Dell Finally and Officially Supports Solaris
Published: November 29, 2007
by Timothy Prickett Morgan
A long time ago--February 1999, which is like decades ago in the fast-paced computer business--I took over the editorship of a Unix newsletter called Unigram.X, which was mothballed earlier this year by its publisher, Datamonitor. In one of the first essays I did for the publication after becoming its editor, I suggested that server maker Dell was missing out on a huge opportunity by not endorsing Unix. At the time, Dell didn't even have a Linux strategy yet, either.
That original essay, called Dell Could Be Ready for Unix, Like It Or Not was prescient in that it showed how closed Dell would toe the Intel X86 and Microsoft Windows lines, and thereby limit itself to the entry and low-end of the midrange portions of the market. Dell went for a volume strategy, which paid off for a number of years, but now Dell does not have a server line that is as differentiated as it could have been, in terms of both hardware and operating systems support. Anyway, back in February 1999, I suggested that Dell had three perfectly good Unix options--Linux, OpenServer/UnixWare, and Solaris for X86. At the time, you have to remember, the Project Monterey merger of SCO's UnixWare and IBM's AIX was still on track and was going to be a force to be reckoned with in the operating system space, giving SCO and IBM and chance to catapult together over the heads of Hewlett-Packard's HP-UX and Sun Microsystems' Solaris. The latter was in the throes of the dot-com boom, and the former was making money hand over first as well. This was also when it looked like Intel's Itanium processor was going to eat the world, too. These were fast-paced, intensely competitive, topsy turvey days in the IT market, and it was a lot of fun.
Dell, of course, didn't listen. And some time later--my Unigram.X archive is not complete and neither is my memory--I wrote an essay called Linux Is Dell's Unix, after Dell finally caught the Linux bug and which pretty much encapsulates Dell's Unix strategy for the past decade.
But that has just changed, perhaps, now that Dell has seen the wisdom of listening to the good advice many of us have given the company about finally and formally supporting Solaris on its PowerEdge servers.
Just after The Unix Guardian had gone to press before the Thanksgiving holiday, Sun and Dell announced that they had inked a Solaris 10 distribution agreement. Under that agreement, Dell and Sun are collaborating to get Solaris 10 certified on the PowerEdge server line and will collaborate on other Solaris-based solutions--perhaps storage arrays based on the Zettabyte File System, perhaps Dell selling the Java Enterprise System middleware. (The companies did not specify what these solutions might be.) Dell is also able to sell support contracts for Solaris 10, and presumably Sun gets a cut of that action, too.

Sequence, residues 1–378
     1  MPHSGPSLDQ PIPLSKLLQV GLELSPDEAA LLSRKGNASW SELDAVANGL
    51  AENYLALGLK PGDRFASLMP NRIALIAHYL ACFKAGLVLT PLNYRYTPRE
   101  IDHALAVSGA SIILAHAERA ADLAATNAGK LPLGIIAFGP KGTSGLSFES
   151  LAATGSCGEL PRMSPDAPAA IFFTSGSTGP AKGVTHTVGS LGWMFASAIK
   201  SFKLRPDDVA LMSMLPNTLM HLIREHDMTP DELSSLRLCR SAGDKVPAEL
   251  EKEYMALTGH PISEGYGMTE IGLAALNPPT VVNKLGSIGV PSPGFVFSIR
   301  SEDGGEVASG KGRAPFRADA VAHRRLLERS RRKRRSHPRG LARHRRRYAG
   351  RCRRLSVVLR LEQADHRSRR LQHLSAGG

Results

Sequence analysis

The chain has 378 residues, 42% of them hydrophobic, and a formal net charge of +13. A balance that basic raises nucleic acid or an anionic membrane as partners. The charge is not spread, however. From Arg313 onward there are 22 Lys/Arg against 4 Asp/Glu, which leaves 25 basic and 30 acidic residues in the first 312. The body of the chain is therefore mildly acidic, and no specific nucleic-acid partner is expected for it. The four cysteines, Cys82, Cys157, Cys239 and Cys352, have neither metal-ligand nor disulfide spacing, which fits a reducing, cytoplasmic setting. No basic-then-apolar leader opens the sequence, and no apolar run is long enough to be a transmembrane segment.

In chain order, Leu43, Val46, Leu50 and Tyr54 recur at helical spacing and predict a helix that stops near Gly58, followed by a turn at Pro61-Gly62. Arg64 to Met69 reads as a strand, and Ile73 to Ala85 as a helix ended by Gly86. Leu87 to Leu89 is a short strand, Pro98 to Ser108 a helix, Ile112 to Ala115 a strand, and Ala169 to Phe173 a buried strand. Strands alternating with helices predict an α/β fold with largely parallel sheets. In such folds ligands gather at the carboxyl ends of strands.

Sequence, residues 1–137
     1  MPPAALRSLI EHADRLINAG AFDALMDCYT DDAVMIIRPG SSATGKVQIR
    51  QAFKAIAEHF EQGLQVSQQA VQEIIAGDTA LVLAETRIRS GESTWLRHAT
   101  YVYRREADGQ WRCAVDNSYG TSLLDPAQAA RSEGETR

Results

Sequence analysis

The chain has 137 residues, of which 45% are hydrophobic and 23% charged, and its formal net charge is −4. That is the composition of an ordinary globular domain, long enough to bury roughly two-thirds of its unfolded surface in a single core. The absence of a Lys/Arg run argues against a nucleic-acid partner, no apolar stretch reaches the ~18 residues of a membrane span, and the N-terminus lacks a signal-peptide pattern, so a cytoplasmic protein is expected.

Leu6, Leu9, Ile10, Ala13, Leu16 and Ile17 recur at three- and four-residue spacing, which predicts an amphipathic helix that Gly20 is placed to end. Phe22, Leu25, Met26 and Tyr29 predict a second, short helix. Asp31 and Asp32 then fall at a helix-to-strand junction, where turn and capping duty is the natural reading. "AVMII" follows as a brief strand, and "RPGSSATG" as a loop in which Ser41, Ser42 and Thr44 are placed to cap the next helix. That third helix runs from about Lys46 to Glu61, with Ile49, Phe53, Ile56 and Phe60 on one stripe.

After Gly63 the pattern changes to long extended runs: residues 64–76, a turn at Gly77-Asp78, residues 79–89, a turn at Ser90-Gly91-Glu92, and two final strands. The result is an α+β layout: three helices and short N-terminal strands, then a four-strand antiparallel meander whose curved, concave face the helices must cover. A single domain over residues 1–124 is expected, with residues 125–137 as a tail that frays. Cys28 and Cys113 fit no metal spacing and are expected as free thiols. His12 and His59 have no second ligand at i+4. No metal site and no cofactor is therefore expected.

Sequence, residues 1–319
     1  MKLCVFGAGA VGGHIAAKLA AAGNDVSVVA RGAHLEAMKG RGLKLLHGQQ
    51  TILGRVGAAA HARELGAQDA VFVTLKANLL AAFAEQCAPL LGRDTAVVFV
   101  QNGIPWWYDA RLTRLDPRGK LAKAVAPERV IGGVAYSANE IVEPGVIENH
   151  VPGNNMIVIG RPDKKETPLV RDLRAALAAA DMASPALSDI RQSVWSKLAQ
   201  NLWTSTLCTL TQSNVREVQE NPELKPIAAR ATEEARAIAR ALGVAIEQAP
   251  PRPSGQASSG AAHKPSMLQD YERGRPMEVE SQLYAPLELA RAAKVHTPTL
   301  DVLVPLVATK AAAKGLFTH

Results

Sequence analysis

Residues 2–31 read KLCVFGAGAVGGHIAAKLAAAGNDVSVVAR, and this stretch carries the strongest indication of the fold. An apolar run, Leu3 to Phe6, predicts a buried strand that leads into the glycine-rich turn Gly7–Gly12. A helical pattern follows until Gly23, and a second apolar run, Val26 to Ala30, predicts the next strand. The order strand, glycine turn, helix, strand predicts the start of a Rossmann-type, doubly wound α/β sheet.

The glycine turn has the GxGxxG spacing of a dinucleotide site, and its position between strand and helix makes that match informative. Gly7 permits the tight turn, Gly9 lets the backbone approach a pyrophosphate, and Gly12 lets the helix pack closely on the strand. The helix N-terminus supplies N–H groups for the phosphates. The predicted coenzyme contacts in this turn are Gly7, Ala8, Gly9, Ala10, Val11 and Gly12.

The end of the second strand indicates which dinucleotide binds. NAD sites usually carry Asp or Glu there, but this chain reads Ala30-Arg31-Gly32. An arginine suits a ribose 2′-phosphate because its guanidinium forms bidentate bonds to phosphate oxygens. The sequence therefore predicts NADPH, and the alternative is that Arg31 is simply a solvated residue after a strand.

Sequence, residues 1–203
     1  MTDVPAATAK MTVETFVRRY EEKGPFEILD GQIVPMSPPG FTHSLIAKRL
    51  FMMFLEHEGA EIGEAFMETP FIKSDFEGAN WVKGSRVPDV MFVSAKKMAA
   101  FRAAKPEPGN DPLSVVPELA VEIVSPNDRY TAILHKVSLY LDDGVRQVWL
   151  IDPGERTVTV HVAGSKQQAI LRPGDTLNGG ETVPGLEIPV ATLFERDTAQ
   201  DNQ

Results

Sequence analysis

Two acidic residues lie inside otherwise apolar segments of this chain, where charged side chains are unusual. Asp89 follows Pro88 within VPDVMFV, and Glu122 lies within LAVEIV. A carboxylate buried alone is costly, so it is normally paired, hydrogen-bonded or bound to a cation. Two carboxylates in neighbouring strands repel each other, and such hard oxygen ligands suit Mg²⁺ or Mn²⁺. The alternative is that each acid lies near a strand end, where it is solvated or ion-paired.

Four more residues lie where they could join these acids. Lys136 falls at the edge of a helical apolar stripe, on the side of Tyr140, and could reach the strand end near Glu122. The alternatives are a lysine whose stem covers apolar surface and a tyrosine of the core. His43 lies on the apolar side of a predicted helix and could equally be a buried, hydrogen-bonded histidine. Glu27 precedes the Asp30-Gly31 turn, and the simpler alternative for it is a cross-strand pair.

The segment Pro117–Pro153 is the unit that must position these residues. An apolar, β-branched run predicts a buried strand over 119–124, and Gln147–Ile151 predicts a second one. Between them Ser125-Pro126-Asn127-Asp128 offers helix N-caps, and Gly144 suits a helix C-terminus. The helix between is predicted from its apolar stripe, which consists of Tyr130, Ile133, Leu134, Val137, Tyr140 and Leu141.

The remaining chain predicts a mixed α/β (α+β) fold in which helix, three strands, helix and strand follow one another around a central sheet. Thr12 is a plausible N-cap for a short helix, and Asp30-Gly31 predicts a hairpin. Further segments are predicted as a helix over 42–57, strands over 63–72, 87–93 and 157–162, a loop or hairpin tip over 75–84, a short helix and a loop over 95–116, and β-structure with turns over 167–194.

Dell customers have bee able to pay to have Dell techies install any operating system, including Solaris, on X86 and X64 machines for more than a decade. But this agreement puts Solaris on the PowerEdge boxes by default, right alongside Windows and Linux. A number of Dell PowerEdge boxes are already certified to run Solaris 10 and were put through testing by Sun or partners who help with testing and certification.
The irony, of course, is that Dell didn't officially support Solaris 10 on its iron until rival IBM, which has a lot more to lose by supporting Solaris than Dell does, announced in August a similar distribution agreement that will see IBM not only put Solaris 10 on its System x rack and tower and BladeCenter blade servers running Xeon and Opteron processors, but will also see Solaris ported to mainframes and Power-based servers.
HP has what Sun classifies as an "arm's length" agreement with Sun with regards to Solaris and its ProLiant rack, tower, and blade servers, which means Sun or partners certify the box and ProLiant customers have to buy Solaris from Sun and get support from Sun as well. Now that Dell has jumped on the Solaris bandwagon, HP will probably do it next, and then the most obvious company that should support Solaris on X64, Fujitsu, and its server partner in Europe, Siemens, might see the wisdom in getting Solaris 10 certified and preinstalled on the Primergy server line as well. Fujitsu-Siemens has been reluctant to do this because it wants to push the PrimePower and now Sparc Enterprise servers to Solaris shops.
If the uptake of Solaris 10, with over 11 million licenses distributed, shows anything, it is that customers want their platform providers to decouple operating systems from iron, and virtualize as much of it as possible. Those companies that do this will stay in business. Those that don't, won't.
Solaris Conversion Rate: Sun Sheds Some Light
Sun Wrings Profits from a Flat Fiscal First Quarter
Sun, IBM Ink Solaris Distribution Agreement for Servers
Solaris 10 Breaks Through 6 Million Shipment Barrier
Solaris 10 Hits 3 Million Registered Licenses
Can Solaris 10 Shipments Continue Upwards?
Sun Finally Gets Solaris 10 11/06 Update Out the Door
Sun Talks Up Solaris for X86, Misses Big Opportunity
Post this story to del.icio.us
Post this story to Digg
Post this story to Slashdot